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Move Over Helicopter Parents, Meet 'Slacker Parents'

Blogger Ali Worthington talks about the "Slacker Parenting" trend

Think Attachment Parenting's too nutty? Helicopter Parenting not your style, either? Fear not, parents of the world: there's a new trend in town. Say hello to "Slacker Parenting."

We know, it doesn't exactly sound that awesome. In fact, it sounds pretty bad. But don't dismiss it just yet. "Slacker Parenting," as it's being dubbed, isn't when mom and dad just sit on the couch eating Cheetos in their PJs while watching TV marathons. (Though that does sound like a dream, doesn't it?) According to mommy blogger Alli Worthington, who wrote about "The Case for Slacker Parenting" over at Babble earlier this month, it's simply just a more hands-off approach to guiding your kids through the day.

So what does that mean, exactly? What if instead of hovering over your kids at night, making sure every last math problem is correct and every book report is finished ... you simply didn't? What if your morning routine of running around making sure the kids are dressed and all their lunches are packed no longer was your problem? And you just let them pick out their clothes and, get this, pack their own lunches? Of course, you may have to step in and draw the line somewhere (otherwise they'd probably walk off with their pants on backwards and Cap'n Crunch sandwiches for lunch), but, for the most part, think of all the extra time you'd have. You could take a whole 10-minute-long shower! The possibilities are endless!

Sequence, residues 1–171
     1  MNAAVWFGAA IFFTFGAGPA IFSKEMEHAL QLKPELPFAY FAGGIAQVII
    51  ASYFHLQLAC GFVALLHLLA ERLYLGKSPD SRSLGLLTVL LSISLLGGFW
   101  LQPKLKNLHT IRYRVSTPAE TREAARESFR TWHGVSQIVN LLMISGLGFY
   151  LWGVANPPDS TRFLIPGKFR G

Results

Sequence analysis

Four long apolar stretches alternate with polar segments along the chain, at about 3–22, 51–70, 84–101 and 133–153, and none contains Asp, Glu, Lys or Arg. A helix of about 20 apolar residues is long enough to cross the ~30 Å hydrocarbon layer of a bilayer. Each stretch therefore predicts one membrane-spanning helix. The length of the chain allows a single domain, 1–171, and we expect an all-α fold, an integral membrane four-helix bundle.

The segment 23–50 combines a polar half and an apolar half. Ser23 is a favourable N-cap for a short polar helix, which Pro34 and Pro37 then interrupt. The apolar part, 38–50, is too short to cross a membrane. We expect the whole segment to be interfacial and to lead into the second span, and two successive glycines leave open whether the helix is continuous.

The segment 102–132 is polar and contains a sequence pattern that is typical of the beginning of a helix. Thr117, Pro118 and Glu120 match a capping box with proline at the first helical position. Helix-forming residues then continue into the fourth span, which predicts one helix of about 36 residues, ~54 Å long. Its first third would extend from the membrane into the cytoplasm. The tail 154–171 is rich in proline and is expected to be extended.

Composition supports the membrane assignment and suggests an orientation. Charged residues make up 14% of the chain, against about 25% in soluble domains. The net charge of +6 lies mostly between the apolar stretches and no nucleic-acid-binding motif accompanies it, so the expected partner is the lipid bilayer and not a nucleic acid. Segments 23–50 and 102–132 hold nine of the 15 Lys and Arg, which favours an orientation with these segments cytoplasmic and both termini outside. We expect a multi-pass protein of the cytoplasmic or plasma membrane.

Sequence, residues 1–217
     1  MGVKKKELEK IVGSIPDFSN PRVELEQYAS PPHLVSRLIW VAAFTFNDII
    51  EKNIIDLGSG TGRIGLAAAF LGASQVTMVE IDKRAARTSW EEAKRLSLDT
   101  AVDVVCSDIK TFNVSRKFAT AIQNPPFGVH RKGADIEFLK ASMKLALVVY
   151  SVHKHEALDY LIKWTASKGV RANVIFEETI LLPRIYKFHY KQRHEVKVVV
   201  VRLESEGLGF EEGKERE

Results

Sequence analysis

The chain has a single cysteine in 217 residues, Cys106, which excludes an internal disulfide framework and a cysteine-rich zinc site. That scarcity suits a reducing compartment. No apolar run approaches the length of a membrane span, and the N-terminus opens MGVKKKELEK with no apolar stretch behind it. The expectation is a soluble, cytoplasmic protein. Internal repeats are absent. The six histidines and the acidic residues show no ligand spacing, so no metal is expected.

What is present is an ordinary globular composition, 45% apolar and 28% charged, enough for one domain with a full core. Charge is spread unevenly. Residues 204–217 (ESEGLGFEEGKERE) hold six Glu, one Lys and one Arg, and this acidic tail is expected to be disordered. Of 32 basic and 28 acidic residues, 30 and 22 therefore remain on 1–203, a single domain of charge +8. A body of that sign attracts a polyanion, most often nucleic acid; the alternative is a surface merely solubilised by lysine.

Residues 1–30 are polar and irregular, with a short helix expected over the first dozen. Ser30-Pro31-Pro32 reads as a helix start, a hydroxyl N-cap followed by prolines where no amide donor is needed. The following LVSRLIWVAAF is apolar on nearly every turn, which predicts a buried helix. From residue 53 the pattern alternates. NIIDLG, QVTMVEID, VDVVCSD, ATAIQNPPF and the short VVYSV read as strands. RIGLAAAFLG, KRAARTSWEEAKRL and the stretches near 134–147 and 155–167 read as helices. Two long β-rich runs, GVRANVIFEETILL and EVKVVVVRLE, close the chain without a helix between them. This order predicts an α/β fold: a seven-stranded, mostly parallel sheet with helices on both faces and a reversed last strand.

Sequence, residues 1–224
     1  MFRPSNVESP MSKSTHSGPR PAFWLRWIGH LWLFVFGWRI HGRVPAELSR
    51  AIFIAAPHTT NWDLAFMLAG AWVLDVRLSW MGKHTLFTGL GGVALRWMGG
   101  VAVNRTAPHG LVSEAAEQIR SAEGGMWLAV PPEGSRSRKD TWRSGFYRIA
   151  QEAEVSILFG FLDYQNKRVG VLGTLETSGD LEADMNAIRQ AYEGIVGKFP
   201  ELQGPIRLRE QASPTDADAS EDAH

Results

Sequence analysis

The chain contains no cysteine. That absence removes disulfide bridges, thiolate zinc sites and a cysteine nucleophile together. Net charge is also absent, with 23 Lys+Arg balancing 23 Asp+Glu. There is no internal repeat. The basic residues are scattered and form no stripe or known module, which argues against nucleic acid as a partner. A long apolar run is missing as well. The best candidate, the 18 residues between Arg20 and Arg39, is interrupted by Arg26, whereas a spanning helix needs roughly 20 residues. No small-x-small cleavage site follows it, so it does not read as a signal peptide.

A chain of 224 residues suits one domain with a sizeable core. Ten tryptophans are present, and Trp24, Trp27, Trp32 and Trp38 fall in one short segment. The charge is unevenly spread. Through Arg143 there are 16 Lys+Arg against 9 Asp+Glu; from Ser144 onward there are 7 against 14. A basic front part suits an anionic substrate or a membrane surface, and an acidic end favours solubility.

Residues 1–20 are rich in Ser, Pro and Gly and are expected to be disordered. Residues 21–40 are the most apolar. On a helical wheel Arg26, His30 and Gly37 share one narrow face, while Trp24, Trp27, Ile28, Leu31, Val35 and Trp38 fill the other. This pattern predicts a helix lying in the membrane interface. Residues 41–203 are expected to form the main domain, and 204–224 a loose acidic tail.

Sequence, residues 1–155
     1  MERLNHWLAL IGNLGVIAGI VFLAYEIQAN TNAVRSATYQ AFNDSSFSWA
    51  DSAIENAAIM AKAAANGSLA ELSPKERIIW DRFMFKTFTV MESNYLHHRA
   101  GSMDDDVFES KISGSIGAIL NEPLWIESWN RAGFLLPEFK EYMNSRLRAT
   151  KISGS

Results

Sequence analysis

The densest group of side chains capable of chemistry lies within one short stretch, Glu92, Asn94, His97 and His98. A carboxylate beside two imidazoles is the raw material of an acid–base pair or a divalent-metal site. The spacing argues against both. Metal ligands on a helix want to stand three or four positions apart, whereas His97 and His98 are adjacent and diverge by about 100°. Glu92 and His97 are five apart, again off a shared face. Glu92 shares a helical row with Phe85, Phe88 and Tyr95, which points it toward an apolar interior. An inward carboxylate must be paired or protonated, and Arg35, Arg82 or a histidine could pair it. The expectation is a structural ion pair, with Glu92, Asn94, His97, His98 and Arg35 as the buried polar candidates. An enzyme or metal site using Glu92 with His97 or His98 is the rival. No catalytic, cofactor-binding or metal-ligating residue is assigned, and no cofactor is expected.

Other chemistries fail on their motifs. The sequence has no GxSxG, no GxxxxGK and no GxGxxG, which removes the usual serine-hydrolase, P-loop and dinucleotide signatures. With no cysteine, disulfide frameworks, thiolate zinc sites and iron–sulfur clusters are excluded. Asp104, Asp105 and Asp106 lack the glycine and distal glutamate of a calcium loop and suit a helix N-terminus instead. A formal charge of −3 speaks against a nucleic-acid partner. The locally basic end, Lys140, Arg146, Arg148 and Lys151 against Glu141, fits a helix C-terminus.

Worthington spoke with Good Morning America this week about her whole approach, and didn't apologize for one bit of it: "I never help my children with homework," she admitted. "I'm available if they have questions, but I'm not going to spend all evening going 'Did you check this and did you check this?'" And she's probably better off for it. After all, Worthington has five sons. That would be some pretty grueling homework duty every night.

But as with most parenting trends, we wonder, is this all good for the kids? GMA put that question to relationship and parenting expert Karyn Gordon, who said: "When [Worthington] compares herself to the rest of the culture, she sees herself as a slacking parent, but I don't... I actually see that as a much healthier parenting style who is choosing very strategically, very carefully with what she's actually going to be involved in."

Do you already use some of these approaches with your kids?

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